The spirit of flamenco in New Mexico
Flamenco may have originated in southern Spain, but it has become as New Mexican as the Zia symbol. On any given night, a bailaora is performing on a Land of Enchantment stage, fusing intense passion, emotion, and technique in this singular art form. It is only fitting, then, that the next major exhibition at Santa Fe’s Museum of International Folk Art is Flamenco: From Spain to New
Mexico, opening on Sunday, Nov. 22. Among the exhibit’s over 150 objects are playbills, albums, photos, paintings, instruments, and costume sketches. A Sevillan feria (fair) street scene will be recreated, as will the bedroom of Betty Serna Cárdenas, the 1948 Reina de la Fiesta de Santa Fe, in which Cárdenas’ flamenco sheet music and costumes attest to the multifaceted nature of the dance. Visitors will be able to play with castanets, try on costumes, and watch instructional videos to learn palmas (handclapping) and the cajón (a percussion instrument). If inspired by what they see, they can try out their own flamenco skills on a small dance floor.
The exhibit’s interactivity undermines assumptions that flamenco is solely a performance art. It is visual, aural, tactile, and thoroughly dynamic. And it is at its heart a folkloric tradition, explains Nicolasa Chávez, curator of the exhibit and author of its accompanying book, The Spirit of Flamenco: From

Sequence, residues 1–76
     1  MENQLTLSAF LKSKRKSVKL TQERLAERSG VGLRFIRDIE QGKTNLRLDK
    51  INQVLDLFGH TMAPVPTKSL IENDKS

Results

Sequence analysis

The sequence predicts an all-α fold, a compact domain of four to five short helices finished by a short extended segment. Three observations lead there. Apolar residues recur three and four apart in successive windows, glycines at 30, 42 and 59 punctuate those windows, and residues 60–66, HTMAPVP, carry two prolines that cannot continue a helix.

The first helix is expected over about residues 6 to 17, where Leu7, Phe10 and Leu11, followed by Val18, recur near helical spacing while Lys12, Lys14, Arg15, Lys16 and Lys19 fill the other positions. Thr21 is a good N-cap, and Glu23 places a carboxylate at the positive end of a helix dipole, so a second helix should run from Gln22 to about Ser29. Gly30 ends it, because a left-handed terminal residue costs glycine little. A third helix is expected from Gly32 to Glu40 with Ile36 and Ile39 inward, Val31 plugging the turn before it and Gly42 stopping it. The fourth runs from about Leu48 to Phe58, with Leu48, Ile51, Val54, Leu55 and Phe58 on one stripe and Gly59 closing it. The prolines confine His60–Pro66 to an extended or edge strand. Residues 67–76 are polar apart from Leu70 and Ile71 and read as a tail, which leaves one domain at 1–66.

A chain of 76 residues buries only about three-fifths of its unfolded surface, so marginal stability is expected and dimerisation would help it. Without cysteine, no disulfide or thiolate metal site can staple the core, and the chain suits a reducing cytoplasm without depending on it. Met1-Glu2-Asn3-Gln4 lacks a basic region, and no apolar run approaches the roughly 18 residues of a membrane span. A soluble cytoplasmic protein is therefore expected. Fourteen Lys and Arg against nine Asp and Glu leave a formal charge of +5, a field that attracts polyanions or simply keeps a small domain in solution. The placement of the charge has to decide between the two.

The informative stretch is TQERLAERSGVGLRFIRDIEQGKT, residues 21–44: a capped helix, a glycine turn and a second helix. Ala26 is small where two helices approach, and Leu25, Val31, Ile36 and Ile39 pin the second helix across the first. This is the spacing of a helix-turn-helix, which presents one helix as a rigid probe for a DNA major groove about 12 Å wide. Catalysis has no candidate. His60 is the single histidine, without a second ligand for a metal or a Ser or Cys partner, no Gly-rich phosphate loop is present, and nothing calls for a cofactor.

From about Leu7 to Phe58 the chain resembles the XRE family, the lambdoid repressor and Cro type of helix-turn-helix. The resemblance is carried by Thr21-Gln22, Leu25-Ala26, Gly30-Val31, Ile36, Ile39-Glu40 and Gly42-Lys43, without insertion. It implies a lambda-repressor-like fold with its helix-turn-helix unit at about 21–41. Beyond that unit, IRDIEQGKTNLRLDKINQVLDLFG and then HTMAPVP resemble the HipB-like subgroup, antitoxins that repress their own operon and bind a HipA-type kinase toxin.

Spain to New Mexico (Museum of New Mexico Press). “It began with the families; it began with the people,” Chávez said, speaking to Pasatiempo of flamenco’s Andalusian roots. The chronology of those roots is debated, but flamenco is believed to have developed after the Gitano, or Gypsy, people came to Spain from the east during the medieval era and intermingled with the cultures already there, including Moors and Sephardic Jews.
Colorful, intricate costumes are interspersed throughout the exhibit, dating from 1888 to last
year. Highlights include eight costumes from the company of José Greco — one of flamenco’s biggest stars — and a collection of María Benítez’s early costumes, such as her first practice skirt and the bata de cola (dress with a train) she wore on the cover of Dance Magazine in 1984. Benítez is a principal figure in the establishment of New Mexico as a flamenco center, having cofounded (with husband Cecilio) Santa Fe’s María Benítez Teatro Flamenco and Institute for Spanish Arts.